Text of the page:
The Patent System in Brazil


During the ’60s, biology was not patentable. Genetic engineering started during the ’70s, but it was called recombinant DNA technology back then. Investments made in this area demanded a solution for intellectual property (IP) rights being applied to biology.

Though living organisms were not patentable before, genetic engineering and particularly applications in the pharmaceutical area gave rise to the Trade-Related Aspects of Intellectual Property Rights (TRIPS) Agreement, which allows patent protection to be accorded to inventions in the area of Pharmaceuticals. (The TRIPS Agreement is Annex 1C of the Marrakesh Agreement under the World Trade Organization, signed in Marrakesh, Morocco on 15 April 1994.)

Brazil signed the agreement, with 13 other WTO members. When Brazil signed TRIPS, it automatically had to reorganize its patent regulatory system. Brazil then approved a patent law in 1996 (Law 9279) and the next year approved a plant variety protection law (Law 9456). These adjustments came a few years after TRIPS, and the Brazilian patent law incorporated what was minimally required in the TRIPS Agreement.

Our patent law offered the possibility to patent (recombinant) microorganisms that satisfied what was required for granting patents — a not-obvious invention. But it also provided the option to adopt a sui generis system (the UPOV system) to avoid patenting genetically engineered plants and animals – both not required by TRIPS. Patent law and the plant variety protection are hardly compatible (See Castro L.A.B. Revista da ABPI , March/April 2011). Those who have genes and protect the gene technology by the Patent Law also want to have the ownership of whole genomes of plants. The negotiation with agribusiness has progressed, however, since in Brazil farmers can measure the benefits and thus pay for the technology fees, mostly charged by large corporations. This has made Brazil second in the world to the USA in biotech crops.

The big disagreement came in pharmaceuticals. The Brazilian law incorporated TRIPS-endorsed principles that were never accepted by the international pharmaceutical sector, particularly compulsory license. The Brazilian law allows for patented products to be manufactured in Brazil if it’s deemed that prices established by pharmaceutical companies (mostly multinationals) are abusive.

Next the Brazilian government, under the stimulus of the health public sector, modified the Patent Law and established with ANVISA (equivalent to FDA in the USA and to EMEA in Europe) that those willing to patent in pharmaceuticals, and having applied for this purpose at the National Institute of Intellectual Property, needed an agreement from ANVISA. This rule makes the Brazilian process longer than any other in the world, and it is under judicial dispute.

The Brazilian Patent Law is very restrictive, as we can see in the Article 18 of the Law, which deals with biology matters. The Law 9279 prevents patenting parts of organisms, be it microorganism, plant or animal. Cells are not patentable .Genes are not patentable, unless essential for a patented process.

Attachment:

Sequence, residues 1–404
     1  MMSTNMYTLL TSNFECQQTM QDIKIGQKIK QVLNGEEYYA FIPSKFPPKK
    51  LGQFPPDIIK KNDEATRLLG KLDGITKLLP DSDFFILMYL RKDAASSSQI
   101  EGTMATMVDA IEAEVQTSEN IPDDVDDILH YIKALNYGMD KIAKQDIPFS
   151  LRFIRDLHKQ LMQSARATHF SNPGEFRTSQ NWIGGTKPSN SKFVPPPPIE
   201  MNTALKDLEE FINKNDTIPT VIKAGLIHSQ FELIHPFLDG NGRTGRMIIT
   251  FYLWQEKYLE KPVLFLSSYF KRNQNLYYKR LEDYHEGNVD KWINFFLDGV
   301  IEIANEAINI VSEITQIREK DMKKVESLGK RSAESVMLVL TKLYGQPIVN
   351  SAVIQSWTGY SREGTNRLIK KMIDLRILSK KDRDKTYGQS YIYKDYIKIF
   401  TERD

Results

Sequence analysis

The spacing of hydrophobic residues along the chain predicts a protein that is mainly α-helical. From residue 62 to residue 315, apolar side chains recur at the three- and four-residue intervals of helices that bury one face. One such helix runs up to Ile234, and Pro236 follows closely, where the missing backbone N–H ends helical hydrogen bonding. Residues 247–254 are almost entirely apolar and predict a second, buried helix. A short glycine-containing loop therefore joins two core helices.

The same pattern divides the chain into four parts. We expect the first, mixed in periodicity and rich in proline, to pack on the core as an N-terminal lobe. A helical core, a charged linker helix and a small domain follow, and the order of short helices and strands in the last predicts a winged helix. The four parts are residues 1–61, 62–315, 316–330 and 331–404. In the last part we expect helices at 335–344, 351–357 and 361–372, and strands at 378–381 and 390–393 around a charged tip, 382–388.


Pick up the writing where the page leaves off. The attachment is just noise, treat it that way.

Biopharmaceuticals are not patentable. Molecules derived from the huge Brazilian biodiversity are not considered inventions even if these molecules are isolated and their function demonstrated. As a result Brazil has not one molecule patented from our biodiversity. In addition the general patent performance of Brazil, as compared to Korea, for instance, is extremely weak. The almost nonexistent number of patents from Brazil deriving from our biodiversity has been previously discussed on this blog.

Patenting is an essential instrument for partnerships, which is an absolute requirement for the pharmaceutical industrial sector in Brazil, that is funded with national money, to partner with large corporations (which have been in Brazil for decades, some for a century) to ascend to the large international market. This strategy is the only one that will allow these “native” pharmaceutical companies to become relevant actors in the international scene. Fortunately, the private sector is aware of the importance of patents as an instrument for partnerships. Thus partnerships are occurring in Brazil, despite of our patenting restrictions in biology. As result the Brazilian pharmaceutical industry is growing and is responsible today for 40% of the market in Latin America. The demand for pharmaceuticals is growing at 10% per year. In fact Brazil is leading an emerging biotech boom in Latin America. But it could do a lot better if our regulatory patents system was reviewed.

Brazil patents.JPG

Patents granted by the USPTO for selected countries – " pedidos" = deposits ; " concessões " = granted.**

Luiz Antonio Barreto de Castro

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